Transmission electron microscopy image of hematite nanorods.
Transmission electron microscopy image of hematite nanorods.

Using sunlight to split water into hydrogen and oxygen efficiently could revolutionize energy generation. Photoelectrochemical (PEC) cells can convert solar photons into hydrogen and oxygen, but finding the right electrode material has proved challenging.

“Hematite has been the best candidate for the photoanode in PEC cells for years,” says Flavio L. Souza of the Federal University of ABC, Brazil, “because of its intrinsic characteristics and abundance, which could enable cheap photoanode technology.”

But despite these promising theoretical predictions and decades of research, the poor electronic transport properties of hematite have hampered the development of a PEC device. Now, however, a team of collaborators led by Souza with Ricardo H. R Castro at University of California-Davis is uncovering the secrets of hematite, which could lead to new breakthroughs in PEC technology.

“We focused on a simple and easily scalable method to manufacture hematite precursor in powder and film/electrode forms simultaneously,” explains Souza.

The process starts by mixing chemical precursors dissolved in water and controlling the pH with Cl- ions, which are vital to the crystallization process and formation of nanorods.

“The Cl species are the responsible for the ‘magic’, favoring the formation of a nano-columnar morphology, which is subsequently calcined to turn the oxyhydroxide into hematite,” says Souza. “This method creates a highly desirable forest of nanorods and wires, which should lead to better electronic transport behavior because there are fewer interfaces to act as traps for electrons.”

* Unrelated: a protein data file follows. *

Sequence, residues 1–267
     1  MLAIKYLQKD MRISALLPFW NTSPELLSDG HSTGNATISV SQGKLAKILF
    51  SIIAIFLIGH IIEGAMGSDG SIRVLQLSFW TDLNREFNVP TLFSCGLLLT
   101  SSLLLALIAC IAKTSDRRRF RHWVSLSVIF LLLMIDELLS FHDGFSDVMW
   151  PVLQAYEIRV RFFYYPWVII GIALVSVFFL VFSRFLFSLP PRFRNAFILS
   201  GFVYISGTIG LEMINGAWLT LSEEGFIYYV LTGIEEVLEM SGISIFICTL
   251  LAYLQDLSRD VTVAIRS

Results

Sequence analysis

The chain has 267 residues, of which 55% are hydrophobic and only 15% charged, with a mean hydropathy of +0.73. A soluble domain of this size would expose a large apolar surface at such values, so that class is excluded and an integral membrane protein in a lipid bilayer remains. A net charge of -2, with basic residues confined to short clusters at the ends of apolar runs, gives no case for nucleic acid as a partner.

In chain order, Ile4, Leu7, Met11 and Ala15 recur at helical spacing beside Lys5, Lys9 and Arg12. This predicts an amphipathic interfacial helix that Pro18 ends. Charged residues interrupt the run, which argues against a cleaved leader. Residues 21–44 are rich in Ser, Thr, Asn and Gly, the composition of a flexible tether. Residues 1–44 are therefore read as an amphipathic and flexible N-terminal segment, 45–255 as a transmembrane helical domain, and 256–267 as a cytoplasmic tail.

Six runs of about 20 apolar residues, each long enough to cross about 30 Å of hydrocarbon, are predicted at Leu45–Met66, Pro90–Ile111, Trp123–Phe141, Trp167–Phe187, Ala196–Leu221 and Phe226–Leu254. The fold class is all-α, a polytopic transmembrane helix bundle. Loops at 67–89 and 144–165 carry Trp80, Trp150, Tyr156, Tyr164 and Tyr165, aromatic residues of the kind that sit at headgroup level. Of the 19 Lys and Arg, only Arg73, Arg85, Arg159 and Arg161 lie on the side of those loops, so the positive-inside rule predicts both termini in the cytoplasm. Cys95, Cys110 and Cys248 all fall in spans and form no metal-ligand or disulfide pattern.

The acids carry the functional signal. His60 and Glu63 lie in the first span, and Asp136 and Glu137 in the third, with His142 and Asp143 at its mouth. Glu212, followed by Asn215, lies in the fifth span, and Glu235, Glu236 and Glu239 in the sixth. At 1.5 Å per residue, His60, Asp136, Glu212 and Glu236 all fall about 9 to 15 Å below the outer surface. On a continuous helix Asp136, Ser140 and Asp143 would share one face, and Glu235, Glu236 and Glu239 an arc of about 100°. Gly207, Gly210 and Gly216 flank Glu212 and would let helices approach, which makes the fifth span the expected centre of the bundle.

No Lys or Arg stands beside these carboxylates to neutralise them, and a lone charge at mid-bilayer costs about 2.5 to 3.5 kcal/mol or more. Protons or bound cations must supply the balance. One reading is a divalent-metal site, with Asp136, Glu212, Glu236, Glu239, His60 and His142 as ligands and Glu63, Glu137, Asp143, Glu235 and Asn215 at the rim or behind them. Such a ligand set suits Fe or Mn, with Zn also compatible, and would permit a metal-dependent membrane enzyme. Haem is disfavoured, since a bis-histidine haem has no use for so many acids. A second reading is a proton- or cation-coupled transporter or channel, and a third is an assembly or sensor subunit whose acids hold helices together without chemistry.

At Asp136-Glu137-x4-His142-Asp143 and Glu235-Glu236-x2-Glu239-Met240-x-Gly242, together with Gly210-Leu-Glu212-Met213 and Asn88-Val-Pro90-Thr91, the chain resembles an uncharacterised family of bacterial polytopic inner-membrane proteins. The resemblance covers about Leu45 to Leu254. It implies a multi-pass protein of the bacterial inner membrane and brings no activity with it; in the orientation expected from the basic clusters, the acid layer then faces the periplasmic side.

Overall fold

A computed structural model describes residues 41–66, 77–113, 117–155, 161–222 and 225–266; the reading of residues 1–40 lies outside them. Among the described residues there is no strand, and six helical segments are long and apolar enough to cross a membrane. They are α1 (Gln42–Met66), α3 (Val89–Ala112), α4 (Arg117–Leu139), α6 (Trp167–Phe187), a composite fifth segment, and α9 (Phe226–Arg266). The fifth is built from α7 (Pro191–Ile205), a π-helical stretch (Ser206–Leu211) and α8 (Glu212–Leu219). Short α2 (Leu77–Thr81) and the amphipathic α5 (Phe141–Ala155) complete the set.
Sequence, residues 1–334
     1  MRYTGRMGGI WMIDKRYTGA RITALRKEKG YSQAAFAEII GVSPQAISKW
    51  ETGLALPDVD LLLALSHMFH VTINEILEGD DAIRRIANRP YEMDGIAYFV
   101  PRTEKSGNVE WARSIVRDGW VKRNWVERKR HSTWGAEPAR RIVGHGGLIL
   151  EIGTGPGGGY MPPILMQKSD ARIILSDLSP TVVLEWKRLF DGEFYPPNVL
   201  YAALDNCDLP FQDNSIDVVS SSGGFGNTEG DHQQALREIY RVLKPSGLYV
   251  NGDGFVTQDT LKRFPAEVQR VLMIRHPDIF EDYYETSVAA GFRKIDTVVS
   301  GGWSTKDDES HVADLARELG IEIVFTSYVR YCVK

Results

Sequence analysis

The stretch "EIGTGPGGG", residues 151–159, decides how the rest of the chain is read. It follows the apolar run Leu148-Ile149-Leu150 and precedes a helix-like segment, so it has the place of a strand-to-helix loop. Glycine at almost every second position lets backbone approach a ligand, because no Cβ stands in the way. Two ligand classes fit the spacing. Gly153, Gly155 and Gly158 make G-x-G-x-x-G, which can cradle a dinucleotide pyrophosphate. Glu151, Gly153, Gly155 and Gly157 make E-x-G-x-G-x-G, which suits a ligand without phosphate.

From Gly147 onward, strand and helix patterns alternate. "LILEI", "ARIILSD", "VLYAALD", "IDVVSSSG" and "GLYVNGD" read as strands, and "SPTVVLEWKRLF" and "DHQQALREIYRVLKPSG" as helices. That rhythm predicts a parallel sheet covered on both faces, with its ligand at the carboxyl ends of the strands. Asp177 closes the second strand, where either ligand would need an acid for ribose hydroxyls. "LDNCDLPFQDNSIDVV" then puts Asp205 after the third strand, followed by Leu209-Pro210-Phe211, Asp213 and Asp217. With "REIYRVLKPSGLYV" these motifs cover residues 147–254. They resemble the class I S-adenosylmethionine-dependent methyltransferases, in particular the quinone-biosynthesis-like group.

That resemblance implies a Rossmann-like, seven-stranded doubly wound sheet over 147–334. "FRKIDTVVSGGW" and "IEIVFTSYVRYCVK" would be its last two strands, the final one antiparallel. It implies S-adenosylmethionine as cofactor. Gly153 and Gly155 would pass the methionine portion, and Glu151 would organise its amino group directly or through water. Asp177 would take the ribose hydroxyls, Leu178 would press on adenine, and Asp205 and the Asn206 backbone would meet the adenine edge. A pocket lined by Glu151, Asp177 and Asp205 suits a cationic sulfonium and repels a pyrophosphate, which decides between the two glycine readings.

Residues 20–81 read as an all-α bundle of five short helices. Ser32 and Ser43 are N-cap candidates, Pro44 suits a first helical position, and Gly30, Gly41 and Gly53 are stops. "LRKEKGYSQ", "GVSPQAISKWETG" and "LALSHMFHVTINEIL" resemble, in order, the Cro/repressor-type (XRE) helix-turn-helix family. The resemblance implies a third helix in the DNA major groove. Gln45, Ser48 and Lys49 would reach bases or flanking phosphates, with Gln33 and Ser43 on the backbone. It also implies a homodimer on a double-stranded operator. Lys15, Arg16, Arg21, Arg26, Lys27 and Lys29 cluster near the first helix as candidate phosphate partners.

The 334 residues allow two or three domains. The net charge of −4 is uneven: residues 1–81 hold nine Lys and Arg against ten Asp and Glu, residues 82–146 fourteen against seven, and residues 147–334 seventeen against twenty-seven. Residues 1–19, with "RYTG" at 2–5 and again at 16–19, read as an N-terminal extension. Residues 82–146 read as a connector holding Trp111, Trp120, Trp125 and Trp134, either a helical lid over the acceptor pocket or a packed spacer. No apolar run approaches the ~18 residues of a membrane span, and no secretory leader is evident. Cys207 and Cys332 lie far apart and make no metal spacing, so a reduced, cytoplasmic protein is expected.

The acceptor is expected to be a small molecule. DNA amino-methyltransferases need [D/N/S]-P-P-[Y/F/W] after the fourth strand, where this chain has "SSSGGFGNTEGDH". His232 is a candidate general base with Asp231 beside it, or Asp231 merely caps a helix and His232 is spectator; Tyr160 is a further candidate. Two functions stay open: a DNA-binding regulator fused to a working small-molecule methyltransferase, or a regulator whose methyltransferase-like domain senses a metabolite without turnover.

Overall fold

However, it is essential that all the Cl be removed from the final hematite for this to work. This has proved tricky in practice because, explains Castro, Cl species can persist up to 900°C, way above typical photoanode processing temperatures.

“We report for the first time that the persistence of Cl- in the hematite structure or on the surface suppresses important properties and reduces PEC device performance,” he says.

Unexpectedly, however, the researchers discovered that the poisoning effect of Cl- species opens up an unprecedented opportunity for manipulating the spin mobility. Their work reveals that the Cl- species act as local charge capacitors, pinning the spin mobility and ‘poisoning’ the hematite surface. The weak ferromagnetic fingerprint of hematite is not discernable until Cl- is entirely eliminated from the material.

“While Cl- removal only happens at high annealing temperatures, the most exciting aspect of our data is that we show that Cl- can manipulate the spin mobility, offering the possibility of tuning hematite properties according to the application,” points out Souza.

The results provide an insight into the manufacture and control of the fundamental properties of hematite via a simple chemical route, which could be helpful in the development of future PEC devices.

Carvalho-Jr et al., J. Alloys Compounds 799 (2019) 83-88